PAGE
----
AS: That’s an interesting question. Yes, all these things have some connection: dance, art, prostitution, literature, everything. They all had religious objectives. And then art no longer was required to serve a religious purpose. It was based more on human experience of life. Religious texts tried to tell us that there’s a depth to life and that there’s another world beyond. Similarly, art tells us that there’s depth to life, but in the same world, not in another world.

What is the role of religion then in Frankenstein in Baghdad?

AS: The religious element is strong and fundamental in the novel. The process of making the What’s-Its-Name is taken from Muslim and Christian traditions, because the spirit is animated by the soul. And in the story there’s a reference to a saviour. It’s a saviour in a political context. But in the Arab world in general the political objective is not distinct from the religious objective. In difficult times people do revert to religion. In Iraqi Shiite culture the concept of a saviour is extremely important: the Mahdi. In the 1990s after the Kuwait war the Americans did serious damage to the country and life became very difficult. A lot of people said, This is the time that presages the coming of the Mahdi. Even in 2005 when sectarian violence was intense, there were at least three people who claimed that they were the Mahdi. All these elements are included in the identity of the What’s-Its-Name.

If religion is important, and you said storytelling is important, what is the role of truth versus storytelling in your novel?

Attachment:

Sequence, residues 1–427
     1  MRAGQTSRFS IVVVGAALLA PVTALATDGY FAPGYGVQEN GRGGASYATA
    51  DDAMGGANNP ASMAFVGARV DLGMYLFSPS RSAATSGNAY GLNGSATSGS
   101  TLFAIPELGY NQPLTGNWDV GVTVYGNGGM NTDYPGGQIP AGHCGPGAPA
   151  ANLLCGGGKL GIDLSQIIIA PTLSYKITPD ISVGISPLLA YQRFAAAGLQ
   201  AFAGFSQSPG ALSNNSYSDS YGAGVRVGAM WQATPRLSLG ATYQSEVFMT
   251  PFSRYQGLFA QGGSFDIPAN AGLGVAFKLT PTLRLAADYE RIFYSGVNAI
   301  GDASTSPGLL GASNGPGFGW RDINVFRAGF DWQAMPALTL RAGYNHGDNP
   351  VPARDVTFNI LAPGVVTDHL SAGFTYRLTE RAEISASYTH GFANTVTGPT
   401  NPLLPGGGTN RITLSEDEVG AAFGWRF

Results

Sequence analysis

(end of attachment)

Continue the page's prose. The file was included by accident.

AS: Religious belief, political belief, dogma: all of them tell a story and say, This is the truth. People will fight another to assert the truth of their story. Novels tell us that in fact there isn’t one story. Everybody has a piece of a true story. It is like the story of the blind people and the elephant.

Six blind people all touch a part of the elephant, and they never know the whole elephant?

AS: That’s how it is. Nobody has the whole truth.

Jonathan, what’s the one book you’ve translated other than Frankenstein in Baghdad that you think deserves the most attention and praise?

JW: Last year I did an Egyptian book which I really liked and hope will be a big success. It’s a memoir of a middle-aged Egyptian gay man, In The Spider’s Room. It’s really quite a moving story. He spent seven months in jail. They have a round up of gay man and he’s arrested. The authors did interviews with many of the men who were picked up. But it’s not based on any particular person, it’s fiction.


Ahmed Saadawi is an Iraqi novelist, poet, screenwriter and documentary filmmaker. In 2010 he was selected for Beirut39, as one of the thirty-nine best Arab authors under the age of forty, and in 2014 he became the first Iraqi to win the prestigious International Prize for Arabic Fiction. This prize was awarded to Frankenstein in Baghdad, which also won Le Grand Prix de L’Imaginaire in 2017, and was shortlisted for the Man Booker International Prize. He lives in Baghdad.

Jonathan Wright is a British journalist and literary translator. He studied Arabic at Oxford University. He is the translator of Hassan Blasim’s The Iraqi Christ, which won the Independent Foreign Fiction Prize in 2014.  He has served as Reuters’ Cairo bureau chief, and he has lived and worked throughout the region, including in Egypt, Sudan, Lebanon, Tunisia and the Gulf. His translation of In The Spider’s Room by Muhammad Abdelnabi is out now.